Who they'd appoint as judges may matter most.
For environmentalists, it is heartening that the major parties' remaining presidential candidates all offer positive records on environmental issues. But their views on judicial appointments may well matter more.
Last April, the US Supreme Court told the Environmental Protection Agency (EPA) to get serious about global warming. Weighing a lawsuit brought by a dozen states, the justices demolished the EPA's argument that carbon dioxide and other greenhouse gases somehow are not "air pollutants" under the Clean Air Act and ordered the agency to decide whether they endanger public health and welfare. Such a finding would then lead to appropriate federal regulation.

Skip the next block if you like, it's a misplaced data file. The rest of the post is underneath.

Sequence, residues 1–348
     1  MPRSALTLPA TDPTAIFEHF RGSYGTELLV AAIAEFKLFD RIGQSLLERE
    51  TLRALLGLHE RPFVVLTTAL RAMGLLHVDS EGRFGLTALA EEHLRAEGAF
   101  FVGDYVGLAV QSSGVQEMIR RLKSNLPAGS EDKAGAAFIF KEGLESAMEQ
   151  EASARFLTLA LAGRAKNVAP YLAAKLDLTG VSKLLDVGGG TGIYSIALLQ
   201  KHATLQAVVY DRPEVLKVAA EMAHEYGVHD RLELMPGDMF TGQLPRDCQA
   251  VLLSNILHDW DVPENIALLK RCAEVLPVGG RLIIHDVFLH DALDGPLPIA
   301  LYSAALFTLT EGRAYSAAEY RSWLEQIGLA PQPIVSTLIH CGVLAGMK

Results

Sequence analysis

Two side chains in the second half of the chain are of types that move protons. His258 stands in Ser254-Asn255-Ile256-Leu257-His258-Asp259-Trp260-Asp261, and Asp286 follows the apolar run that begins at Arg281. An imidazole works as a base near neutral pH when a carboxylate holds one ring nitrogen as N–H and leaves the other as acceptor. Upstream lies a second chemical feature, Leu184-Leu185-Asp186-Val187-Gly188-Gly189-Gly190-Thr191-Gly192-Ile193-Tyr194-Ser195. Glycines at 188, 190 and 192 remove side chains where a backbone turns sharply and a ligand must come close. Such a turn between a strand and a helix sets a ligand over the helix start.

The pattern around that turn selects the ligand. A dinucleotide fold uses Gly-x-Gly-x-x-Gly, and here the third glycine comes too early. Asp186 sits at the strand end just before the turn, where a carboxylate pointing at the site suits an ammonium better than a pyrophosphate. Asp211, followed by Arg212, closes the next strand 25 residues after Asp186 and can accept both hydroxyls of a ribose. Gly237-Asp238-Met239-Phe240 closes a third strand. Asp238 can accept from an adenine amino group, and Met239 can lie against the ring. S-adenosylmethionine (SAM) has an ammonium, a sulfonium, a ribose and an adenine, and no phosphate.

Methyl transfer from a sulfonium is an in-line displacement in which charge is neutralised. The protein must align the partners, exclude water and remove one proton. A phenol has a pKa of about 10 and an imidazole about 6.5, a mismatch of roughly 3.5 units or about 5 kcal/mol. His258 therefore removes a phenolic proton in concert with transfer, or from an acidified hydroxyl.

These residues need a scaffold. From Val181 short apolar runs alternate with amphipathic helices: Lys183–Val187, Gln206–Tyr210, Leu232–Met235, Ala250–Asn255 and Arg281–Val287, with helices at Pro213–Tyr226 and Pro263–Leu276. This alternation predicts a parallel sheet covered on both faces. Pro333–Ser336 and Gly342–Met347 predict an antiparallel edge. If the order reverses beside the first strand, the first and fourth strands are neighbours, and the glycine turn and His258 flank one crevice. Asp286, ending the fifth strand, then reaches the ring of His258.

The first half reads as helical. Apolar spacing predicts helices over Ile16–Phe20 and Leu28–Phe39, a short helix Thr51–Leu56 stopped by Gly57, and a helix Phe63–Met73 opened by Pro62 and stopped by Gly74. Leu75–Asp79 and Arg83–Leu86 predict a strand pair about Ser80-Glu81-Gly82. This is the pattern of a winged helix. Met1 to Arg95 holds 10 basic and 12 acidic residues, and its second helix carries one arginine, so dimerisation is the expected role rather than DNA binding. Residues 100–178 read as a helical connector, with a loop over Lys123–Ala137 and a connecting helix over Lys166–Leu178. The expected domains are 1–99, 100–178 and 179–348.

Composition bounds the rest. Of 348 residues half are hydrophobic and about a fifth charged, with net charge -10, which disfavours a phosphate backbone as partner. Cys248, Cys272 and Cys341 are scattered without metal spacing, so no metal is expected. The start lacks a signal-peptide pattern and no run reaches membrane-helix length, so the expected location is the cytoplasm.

One year later, the EPA has yet to act on the Court's ruling. That delay prompted states and environmental groups to sue again last week in an effort to compel the agency to fulfill its duty. California, meanwhile, is taking the agency to court over administrator Stephen Johnson's December decision to deny the Golden State the authority to limit greenhouse gases from motor vehicles, contrary to the advice of the EPA's own expert staff. It appears the Bush administration prefers inertia to either federal or state action.